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Learning from the Heathrow 3rd runway campaign

John Stewart spoke at the latest CASS Business School Charity Talk event. In a talk entitled ‘Campaigning with Effectiveness and Flair‘.

John is Chief Exec of HACAN, the largest voluntary organisation dedicated to those campaigning on behalf of those affected by aircraft flight paths, and chair of Airport Watch, a broader coalition of organisations campaigning against the issue of airport expansion.

In his talk he unpacked some of the reasons why the campaign was so successful at dominating the discussions and debates around the building of a 3rd runway.  I’ve written before about the Heathrow campaign and some of the reasons I think were elements of its success but Stewart provided a first hand account from the inside. The KnowHow NonProfit website, which is linked to CASS Business School, has some excellent resources from the evening (which also includes Brian Lamb’s presentation which I’ll blog about later in the week).

Stewart drew out three main lessons from the campaign and argued that these were also based on things that they’d learnt from previous defeats that HACAN had experienced over Terminals 4 and 5.  A good reminder to always learn from campaigns that don’t succeed!

Bring together the widest possible coalition
In previous campaigns, HACAN had drawn together a small number of residents groups and local authorities around Heathrow but the 3rd runway campaign managed to build a much bigger coalition not just of the usual suspects but a much bigger range of organisations, such an environmental groups, direct action groups alongside MPs, local authorities and residents groups. 

Stewart said that this strengthened the campaign enormously, but also introduced new issues (climate change wasn’t a central part of the previous campaigns which had focused more on quality of life issues).  Stewart shared the tactics that the coalition had used to keep together what must have been a disparate group of people, including regular face-to-face meetings, which meant that people got to know each other on a personal basis.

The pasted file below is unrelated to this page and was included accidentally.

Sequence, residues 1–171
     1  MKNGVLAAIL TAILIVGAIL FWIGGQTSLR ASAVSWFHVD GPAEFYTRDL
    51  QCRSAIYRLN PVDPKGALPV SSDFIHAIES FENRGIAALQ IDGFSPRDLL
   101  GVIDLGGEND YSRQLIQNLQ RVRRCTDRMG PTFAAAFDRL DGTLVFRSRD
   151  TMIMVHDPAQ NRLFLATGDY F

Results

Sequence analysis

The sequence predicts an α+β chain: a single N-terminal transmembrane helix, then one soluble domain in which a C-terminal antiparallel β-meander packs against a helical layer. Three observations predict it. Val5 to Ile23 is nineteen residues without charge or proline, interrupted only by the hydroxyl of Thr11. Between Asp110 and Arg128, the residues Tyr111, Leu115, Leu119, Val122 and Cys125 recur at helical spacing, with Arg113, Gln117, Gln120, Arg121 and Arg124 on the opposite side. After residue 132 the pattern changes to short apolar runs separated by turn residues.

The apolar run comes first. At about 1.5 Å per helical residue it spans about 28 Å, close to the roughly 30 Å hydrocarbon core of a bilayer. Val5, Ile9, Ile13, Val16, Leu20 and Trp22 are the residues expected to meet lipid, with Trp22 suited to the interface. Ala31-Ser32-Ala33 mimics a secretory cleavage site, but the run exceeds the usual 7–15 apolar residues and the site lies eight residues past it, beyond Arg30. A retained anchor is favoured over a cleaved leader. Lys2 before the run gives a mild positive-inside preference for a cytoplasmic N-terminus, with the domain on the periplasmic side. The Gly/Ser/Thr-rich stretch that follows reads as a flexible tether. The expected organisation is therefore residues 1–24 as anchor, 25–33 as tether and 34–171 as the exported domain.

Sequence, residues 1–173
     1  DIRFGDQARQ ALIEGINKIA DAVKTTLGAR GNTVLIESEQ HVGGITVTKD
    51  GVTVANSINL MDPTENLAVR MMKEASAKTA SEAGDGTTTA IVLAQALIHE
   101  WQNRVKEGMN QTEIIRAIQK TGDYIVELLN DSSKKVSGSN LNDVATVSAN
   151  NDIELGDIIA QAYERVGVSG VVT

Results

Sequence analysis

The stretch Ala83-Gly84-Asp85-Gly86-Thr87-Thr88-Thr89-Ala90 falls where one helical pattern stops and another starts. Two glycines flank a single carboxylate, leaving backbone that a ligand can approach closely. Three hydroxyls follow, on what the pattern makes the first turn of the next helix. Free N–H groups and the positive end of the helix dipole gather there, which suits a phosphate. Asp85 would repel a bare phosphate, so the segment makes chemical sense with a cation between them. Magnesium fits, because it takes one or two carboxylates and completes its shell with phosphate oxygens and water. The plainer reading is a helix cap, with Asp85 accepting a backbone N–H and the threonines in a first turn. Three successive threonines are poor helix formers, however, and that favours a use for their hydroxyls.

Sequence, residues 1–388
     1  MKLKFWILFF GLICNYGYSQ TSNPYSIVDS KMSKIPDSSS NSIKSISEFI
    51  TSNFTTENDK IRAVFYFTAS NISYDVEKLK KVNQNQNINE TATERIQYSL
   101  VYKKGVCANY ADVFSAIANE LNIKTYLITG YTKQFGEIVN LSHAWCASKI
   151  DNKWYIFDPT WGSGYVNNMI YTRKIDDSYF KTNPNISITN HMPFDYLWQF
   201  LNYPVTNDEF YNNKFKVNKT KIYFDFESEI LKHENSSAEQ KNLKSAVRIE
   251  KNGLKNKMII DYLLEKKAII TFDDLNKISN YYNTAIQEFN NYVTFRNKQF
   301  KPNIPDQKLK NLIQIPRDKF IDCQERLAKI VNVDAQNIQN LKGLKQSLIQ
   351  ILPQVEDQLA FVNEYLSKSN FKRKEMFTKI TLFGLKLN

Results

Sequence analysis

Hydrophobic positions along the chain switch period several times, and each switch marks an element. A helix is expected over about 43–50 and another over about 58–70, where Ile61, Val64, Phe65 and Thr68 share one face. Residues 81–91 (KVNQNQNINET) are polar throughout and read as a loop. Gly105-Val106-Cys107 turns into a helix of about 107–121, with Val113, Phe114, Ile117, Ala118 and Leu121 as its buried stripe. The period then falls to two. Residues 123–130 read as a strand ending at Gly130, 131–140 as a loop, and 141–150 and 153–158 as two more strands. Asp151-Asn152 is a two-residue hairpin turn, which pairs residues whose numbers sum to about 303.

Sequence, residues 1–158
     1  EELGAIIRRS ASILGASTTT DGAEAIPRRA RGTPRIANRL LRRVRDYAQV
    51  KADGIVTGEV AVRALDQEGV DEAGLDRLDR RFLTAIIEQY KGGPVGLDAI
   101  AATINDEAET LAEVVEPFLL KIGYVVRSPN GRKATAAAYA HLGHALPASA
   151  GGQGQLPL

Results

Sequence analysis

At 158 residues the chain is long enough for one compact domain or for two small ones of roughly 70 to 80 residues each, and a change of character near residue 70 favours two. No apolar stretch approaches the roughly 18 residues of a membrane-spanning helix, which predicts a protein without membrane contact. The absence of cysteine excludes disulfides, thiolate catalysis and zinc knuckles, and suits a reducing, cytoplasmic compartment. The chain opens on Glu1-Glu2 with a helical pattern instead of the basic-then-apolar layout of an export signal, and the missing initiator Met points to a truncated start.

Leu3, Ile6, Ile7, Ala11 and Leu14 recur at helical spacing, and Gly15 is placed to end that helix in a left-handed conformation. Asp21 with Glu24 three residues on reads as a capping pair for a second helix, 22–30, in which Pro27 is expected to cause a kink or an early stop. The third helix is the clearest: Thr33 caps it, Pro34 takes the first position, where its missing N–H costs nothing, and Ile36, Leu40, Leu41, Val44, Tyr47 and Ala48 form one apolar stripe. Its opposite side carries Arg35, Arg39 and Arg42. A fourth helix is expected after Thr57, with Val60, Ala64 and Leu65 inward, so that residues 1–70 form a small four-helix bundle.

You have to admire the campaign for managing to bring together local Conservative councillors to direct action activists from Plane Stupid, but Stewart argued that united around a common aim to stop a 3rd runway was the strength of the coalition. The range of tactics meaning that it made it much difficult for authorities to know how to respond because their tactics couldn’t simply be put into a box or be predicted.

Don’t dodge the economic arguments
The campaign realised from its previous defeats that it had to engage with the central issue and argument that the government was using to justify building the runway, that the UK economy needed it.  In previous campaigns, Stewart implied they’d focus on quality of life arguments that although important to those involved in the campaign didn’t resonate with decision makers who could suggest that these were the arguments of NIMBYs.

Stewart shared how they commissioned independent research on the economic argument, which was undertaken by an independent and respected consultancy firm which the EU also used, so it couldn’t be immediately dismissed by government as a being written by a pro-environment consultant. The campaign found that this report was vital in helping to counter the central arguments of the government, and convincing the opposition parties to get involved . A good lesson to remember the importance of independent research in supporting your campaign asks.

Engage in pro-active campaigning
Early on the campaign realised its tactics couldn’t simply be limited to working through the official structures that the process would provide, like official enquiries which was its previous approach. Stewart argued that if these processes were effective at changing things they’d soon change the structures, perhaps a slightly cynical approach but the argument that they don’t favour community campaigns who have little of experience of making quasi-legal arguments is a good one.

Instead the campaign focused their campaigning on what communities are good at doing, talking to each other, and mobilising around more traditional tactics like marches and rallies. This was successfully combined with more traditional lobbying using a cross-party group of MPs, and excellent cheap media activities, like flash-mobs at the opening of terminal 5.

At the end of the presentation, Stewart spoke about how the campaign had worked with direct action groups.  He argued that they’d been good for the campaign, and an important part of the campaign mix. While the campaign didn’t want everyone taking direct action, they helped to prevent the campaign from easily being boxed by the government.  Listening to Stewart talk about the role of groups like Plane Stupid in the campaign, its clear they have a central role, and its fascinating to see how these groups co-existed and even shared platforms with those with much more conservative approaches to policy change.

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